The SBA has released its Small Business Procurement Scorecards for 2011, and for the second year in a row the results paint a grim picture. In 2011 [pdf], small businesses were awarded an even smaller share of federal contract dollars than they received in 2010—$6.4 billion smaller. Prime contract awards to small businesses in 2011 totaled $91.5 billion, or 21.65 percent of federal agency contract expenditures. The previous year [pdf], small businesses were awarded 22.66 percent of all federal prime contracts, or $97.9 billion. It’s official: federal agencies have failed once again to meet the 23 percent government-wide goal for prime contract awards to small business concerns set by the Small Business Act.
As part of the procurement scorecard, SBA assigns each agency a letter grade by taking into account the agency’s individual small business contracting goals. SBA works with each agency every two years to develop prime and subcontracting goals specific to the agency, including goals for awards to small businesses, women-owned small businesses, small disadvantaged businesses, service-disabled veteran-owned small businesses, and HUBZone small businesses.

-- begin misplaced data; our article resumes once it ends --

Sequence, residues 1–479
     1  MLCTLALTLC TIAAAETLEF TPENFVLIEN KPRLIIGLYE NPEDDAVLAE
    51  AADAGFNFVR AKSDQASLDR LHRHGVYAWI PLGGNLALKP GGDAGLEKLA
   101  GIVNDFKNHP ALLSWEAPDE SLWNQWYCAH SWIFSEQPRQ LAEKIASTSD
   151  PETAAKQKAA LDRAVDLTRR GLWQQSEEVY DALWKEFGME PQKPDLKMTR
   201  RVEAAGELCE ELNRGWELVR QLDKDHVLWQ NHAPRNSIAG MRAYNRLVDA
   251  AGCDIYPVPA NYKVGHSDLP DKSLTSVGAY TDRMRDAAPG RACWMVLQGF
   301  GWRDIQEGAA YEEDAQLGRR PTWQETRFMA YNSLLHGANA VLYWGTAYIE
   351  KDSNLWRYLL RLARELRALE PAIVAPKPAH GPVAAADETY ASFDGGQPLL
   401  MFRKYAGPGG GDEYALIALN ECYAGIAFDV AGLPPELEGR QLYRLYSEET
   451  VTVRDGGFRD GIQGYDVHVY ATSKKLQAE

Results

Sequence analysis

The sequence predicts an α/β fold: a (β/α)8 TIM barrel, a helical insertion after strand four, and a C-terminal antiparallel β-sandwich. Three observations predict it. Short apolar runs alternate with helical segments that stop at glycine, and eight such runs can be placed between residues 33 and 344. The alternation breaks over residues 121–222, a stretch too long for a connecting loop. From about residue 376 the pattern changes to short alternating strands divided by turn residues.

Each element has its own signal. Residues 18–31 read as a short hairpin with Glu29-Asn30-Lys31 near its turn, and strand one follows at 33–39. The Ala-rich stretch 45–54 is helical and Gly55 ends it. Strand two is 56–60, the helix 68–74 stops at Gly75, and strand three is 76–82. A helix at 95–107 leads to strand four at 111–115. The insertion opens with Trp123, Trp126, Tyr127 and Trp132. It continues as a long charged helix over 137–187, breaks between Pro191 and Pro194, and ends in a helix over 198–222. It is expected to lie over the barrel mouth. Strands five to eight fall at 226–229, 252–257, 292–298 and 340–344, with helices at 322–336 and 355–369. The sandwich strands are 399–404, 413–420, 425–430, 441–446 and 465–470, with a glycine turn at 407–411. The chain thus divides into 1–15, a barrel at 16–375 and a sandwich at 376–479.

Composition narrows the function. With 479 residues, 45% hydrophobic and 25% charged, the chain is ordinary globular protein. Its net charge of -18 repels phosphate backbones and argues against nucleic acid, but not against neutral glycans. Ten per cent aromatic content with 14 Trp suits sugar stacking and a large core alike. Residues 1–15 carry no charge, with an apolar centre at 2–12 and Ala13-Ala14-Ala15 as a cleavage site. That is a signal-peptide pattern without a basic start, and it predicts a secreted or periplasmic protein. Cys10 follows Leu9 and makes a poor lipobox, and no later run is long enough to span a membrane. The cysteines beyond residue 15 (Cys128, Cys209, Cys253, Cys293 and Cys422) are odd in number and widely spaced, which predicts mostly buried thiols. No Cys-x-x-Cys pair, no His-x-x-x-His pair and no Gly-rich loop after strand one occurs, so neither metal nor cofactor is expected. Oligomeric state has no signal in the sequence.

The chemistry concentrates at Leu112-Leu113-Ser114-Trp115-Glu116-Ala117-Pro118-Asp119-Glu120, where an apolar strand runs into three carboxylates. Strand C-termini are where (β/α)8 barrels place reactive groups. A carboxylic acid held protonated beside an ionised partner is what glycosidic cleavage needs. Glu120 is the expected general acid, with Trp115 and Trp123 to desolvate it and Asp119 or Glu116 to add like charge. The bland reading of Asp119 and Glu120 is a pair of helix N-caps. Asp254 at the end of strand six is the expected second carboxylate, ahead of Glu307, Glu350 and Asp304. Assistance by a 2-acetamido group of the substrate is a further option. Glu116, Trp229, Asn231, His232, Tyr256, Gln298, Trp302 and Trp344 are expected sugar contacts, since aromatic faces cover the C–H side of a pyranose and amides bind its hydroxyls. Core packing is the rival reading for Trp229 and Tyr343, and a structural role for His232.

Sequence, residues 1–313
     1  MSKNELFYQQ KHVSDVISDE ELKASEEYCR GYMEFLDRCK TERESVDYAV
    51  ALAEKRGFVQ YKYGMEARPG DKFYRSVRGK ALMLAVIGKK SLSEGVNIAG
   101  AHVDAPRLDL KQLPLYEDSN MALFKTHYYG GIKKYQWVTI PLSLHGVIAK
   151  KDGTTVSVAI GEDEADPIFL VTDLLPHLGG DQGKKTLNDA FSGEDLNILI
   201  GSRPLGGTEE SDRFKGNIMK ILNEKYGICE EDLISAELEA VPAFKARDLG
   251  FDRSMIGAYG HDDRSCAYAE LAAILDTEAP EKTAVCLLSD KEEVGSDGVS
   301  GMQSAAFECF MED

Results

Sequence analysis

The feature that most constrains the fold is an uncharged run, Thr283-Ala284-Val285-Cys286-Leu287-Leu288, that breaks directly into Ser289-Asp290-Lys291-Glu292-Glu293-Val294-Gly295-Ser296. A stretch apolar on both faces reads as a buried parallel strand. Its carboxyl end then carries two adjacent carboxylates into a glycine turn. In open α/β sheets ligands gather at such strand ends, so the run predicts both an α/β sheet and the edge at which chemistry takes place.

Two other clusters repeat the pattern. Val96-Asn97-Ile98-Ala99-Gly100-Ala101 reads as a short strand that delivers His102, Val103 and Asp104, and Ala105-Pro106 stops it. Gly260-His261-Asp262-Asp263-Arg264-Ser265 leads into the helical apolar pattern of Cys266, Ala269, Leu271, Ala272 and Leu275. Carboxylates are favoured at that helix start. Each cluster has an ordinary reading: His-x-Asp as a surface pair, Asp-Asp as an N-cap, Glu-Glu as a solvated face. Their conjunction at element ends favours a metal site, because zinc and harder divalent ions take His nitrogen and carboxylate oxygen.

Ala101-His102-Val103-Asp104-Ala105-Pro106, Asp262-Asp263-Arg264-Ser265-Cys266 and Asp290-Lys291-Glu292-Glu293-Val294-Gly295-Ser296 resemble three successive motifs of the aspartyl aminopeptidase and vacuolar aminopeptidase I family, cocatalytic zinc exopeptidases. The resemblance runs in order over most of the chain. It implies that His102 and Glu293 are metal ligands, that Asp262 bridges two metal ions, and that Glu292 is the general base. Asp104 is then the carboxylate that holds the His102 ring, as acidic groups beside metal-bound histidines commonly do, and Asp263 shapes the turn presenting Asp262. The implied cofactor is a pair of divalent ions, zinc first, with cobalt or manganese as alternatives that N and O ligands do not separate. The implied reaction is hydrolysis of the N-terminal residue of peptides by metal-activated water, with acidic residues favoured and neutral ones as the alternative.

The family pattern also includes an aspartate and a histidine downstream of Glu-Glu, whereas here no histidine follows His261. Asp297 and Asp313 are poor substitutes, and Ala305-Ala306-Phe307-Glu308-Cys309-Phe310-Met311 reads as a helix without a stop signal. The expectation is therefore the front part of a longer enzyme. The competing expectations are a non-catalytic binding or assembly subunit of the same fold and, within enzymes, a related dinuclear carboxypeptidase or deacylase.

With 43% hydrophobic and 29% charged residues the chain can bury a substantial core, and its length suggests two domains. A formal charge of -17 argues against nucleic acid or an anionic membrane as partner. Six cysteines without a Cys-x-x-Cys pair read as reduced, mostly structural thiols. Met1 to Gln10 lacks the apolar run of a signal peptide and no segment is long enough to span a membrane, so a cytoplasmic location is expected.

Out of 24 agencies, 15 actually exceeded their small business contracting goals for 2011, earning “A” grades. This list includes GSA and SBA, as well as the Departments of State and Homeland Security. GSA exceeded its goals by 34.29 percent and received a grade of A+.
The agency most responsible for the overall decrease in small business contracts is the Department of Defense. For 2011, DoD’s small business prime contracting goal was 22.28 percent, but it fell short by almost 2.5 percent. For an agency expected to award more than $200 billion in contracts this year, DoD’s failure to meet its small business contracting goals has the largest effect of any agency. Had DoD satisfied its small business prime contracting goal in 2011, it would have resulted in an additional $1.4 billion in contracts for small businesses.
Overall, the SBA procurement scorecard reinforces what we already know: federal agencies need to do a better job in acquisition planning, and they need to make small business contracting a priority. The poor numbers put up by DOD, coupled with its large share of federal procurement dollars, put it directly in the line of fire. Let’s hope that federal agencies (DoD in particular) step up in the upcoming fiscal year.
UPDATE: A longer version of this article is available on Law 360.